Industrial – The OSHA standard says that users “shall” test their compressed air for quality to CGA Grade D. This standard is very similar to NFPA 1989. In industrial fields some users will test “before use”. These standards and requirements may be stricter than quarterly. Unlike firefighters, industrial users can plan jobs and test before the work is completed. On site compressor may be sampled quarterly as well

Dive – CGA Grade D or CSA Z180 are the most used specifications in the sport dive industry. PADI and ANDI both require their shops to test their compressed air for contaminants. PADI requires quarterly testing. Depending on the air mixtures and uses, there are a few other specifications for dive shops here.

MedGas – NFPA 99 is the most commonly used standard in medical gas. It has many different options depending on the use and composition of the air or gas. Trace Analytics can help you meet your medical gas testing whether you need piping purity, particulate, or purity.

Military – There are great many different types of standards that our military clients test to. From MIL, US Navy, Air Force and beyond, Trace can help you meet your requirements for government and military testing.

Who, What, When, and Where of Compressed Air Testing

WHO – Always test with a 3rd party accredited laboratory. That is a requirement in most of these standards and specifications. Trace Analytics is ISO 17025 accredited by A2LA. See the certification here.

WHAT – AirCheck kits are designed for maximum accuracy.

The filter membrane tests for oil mist and particulates.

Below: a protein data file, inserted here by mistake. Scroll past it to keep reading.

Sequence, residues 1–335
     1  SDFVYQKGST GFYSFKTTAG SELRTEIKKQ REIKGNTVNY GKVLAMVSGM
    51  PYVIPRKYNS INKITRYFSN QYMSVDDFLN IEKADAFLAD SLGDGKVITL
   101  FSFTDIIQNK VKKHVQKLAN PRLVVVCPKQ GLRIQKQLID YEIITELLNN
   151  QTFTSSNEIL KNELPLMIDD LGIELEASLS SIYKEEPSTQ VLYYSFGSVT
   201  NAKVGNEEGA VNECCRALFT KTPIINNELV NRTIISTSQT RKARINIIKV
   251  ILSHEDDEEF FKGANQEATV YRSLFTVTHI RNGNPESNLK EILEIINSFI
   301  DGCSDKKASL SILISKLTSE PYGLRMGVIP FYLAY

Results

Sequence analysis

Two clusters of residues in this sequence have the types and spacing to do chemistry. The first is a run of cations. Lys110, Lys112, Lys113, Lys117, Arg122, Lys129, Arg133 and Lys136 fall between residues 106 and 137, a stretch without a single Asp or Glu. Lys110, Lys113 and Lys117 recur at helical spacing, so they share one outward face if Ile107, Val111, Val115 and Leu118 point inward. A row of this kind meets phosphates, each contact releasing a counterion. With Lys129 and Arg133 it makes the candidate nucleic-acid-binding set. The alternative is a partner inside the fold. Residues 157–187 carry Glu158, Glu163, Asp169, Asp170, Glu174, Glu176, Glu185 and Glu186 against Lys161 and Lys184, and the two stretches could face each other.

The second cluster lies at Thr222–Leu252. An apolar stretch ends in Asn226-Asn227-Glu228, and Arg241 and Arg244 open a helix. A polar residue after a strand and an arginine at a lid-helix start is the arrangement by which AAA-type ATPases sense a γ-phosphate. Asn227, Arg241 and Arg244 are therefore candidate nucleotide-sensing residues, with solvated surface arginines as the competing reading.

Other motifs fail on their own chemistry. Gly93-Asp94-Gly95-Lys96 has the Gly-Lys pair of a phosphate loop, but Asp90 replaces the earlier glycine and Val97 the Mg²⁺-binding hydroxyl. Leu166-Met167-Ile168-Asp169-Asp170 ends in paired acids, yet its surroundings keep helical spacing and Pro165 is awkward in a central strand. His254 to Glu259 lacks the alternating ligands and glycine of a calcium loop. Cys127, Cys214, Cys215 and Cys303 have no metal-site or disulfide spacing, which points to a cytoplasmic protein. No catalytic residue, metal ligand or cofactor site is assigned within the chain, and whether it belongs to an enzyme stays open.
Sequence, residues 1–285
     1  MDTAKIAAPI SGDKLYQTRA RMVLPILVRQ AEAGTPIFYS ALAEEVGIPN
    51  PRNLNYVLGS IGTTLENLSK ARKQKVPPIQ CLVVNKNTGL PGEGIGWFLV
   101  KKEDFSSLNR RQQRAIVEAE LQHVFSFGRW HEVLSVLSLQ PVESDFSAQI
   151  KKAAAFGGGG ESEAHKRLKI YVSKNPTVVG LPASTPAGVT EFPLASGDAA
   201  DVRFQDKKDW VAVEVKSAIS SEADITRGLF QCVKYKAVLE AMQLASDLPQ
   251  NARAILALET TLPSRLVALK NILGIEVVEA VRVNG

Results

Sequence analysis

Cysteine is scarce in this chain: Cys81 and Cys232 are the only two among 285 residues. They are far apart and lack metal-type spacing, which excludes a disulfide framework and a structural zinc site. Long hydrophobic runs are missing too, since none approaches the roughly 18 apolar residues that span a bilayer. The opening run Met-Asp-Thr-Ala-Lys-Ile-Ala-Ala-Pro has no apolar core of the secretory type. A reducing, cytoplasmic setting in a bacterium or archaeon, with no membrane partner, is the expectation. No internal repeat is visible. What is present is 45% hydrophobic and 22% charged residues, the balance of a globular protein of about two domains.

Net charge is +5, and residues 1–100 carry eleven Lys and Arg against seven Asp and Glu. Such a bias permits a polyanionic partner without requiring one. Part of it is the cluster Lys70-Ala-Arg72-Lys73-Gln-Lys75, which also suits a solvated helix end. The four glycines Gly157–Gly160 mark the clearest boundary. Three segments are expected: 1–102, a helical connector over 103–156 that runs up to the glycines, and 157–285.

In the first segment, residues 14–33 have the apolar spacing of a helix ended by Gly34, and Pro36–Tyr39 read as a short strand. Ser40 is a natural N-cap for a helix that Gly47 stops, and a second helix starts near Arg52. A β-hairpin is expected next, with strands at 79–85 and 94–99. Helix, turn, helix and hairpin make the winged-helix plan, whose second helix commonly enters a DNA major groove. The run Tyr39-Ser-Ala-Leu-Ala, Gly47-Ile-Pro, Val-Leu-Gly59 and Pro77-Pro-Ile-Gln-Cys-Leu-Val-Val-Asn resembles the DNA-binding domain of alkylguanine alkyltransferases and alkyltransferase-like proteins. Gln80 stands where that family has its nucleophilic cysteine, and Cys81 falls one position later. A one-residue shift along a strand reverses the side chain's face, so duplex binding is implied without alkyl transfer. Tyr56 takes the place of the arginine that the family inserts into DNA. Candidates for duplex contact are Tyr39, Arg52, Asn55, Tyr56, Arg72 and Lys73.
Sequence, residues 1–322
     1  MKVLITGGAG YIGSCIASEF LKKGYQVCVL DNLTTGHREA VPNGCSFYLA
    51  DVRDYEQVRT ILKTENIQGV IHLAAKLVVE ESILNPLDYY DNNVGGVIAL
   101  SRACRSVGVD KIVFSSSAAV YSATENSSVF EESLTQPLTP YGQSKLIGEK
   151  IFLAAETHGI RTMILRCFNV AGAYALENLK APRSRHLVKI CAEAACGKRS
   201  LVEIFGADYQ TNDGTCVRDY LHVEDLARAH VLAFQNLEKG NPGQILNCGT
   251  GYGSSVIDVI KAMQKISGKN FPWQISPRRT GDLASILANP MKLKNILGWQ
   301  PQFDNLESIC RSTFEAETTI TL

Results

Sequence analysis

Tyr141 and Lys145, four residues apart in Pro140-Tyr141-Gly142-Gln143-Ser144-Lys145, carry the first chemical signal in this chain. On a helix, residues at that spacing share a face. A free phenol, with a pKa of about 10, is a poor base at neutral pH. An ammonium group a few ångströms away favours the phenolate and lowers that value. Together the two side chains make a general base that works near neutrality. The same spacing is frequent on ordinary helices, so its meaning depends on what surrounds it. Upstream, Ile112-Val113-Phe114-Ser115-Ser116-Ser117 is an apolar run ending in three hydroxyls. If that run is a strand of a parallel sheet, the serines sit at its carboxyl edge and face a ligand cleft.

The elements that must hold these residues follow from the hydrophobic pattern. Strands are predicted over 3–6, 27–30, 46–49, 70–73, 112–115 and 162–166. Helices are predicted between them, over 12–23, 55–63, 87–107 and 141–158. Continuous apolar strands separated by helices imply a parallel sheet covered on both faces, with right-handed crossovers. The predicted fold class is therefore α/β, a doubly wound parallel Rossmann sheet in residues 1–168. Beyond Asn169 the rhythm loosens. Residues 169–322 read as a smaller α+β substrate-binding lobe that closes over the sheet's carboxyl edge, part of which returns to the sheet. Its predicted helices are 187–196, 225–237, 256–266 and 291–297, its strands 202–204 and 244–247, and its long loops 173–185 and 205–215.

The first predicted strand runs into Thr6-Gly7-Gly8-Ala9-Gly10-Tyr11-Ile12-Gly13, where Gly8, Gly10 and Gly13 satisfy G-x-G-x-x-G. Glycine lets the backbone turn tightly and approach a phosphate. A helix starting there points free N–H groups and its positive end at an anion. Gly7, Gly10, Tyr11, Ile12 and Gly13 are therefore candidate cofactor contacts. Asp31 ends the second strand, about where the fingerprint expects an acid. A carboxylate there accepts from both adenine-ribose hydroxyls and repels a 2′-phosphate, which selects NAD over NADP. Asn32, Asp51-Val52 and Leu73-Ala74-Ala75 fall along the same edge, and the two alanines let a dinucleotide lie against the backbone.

Moisture is detected by a colorimetric tube. These tubes or dewpoint hygrometers are the only ways to accurately get a moisture content reading. If air is being put into another container, moisture will cling to the role. You should expect to see a fluctuation in your readings throughout the year.

Gaseous contaminants are collected via a glass source bottle. This is important because this method of gas capture is validated to hold the sample for up to 30 days. There are other options on the market for collecting samples that cannot hold the gases for this long. Gas sampling bags for example are prone to leaking, off-gassing, and permeation after only 24-48 hours. This means that results are not accurate if the analysis is not performed within 24-48 hours. This is not feasible for many clients.

WHEN – Trace Analytics and many other regulating bodies recommend quarterly testing. It is important to account for seasonal changes in your compressed air quality. It is also helpful to test before and after any maintenance. If you have a service provider who comes in to do periodic maintenance, it’s important to get an air sample before and after to ensure that the air is at the appropriate quality level. If you receive failing tests before your maintenance, you may need to consider increasing the frequency of your maintenance and filter changes.

WHERE – Auxiliary or sampling ports, fill stations, end of the hose, or point of use are all great places to test. Look for the furthest point – this will ensure your purity level is where it should be throughout the entire system. From stored air, you can sample from the point of use. When it comes to stored air, you should sample just as frequently as your compressor is. If not, you should drain them and refill them with a compressor that has recently passed a compressed air quality test.

HOW – If you aren’t sure what specification to meet, or how frequently to test, or how to take a sample, contact us at Trace Analytics. We can help get you started! We provide training videos, step by step instructions, and troubleshooting help.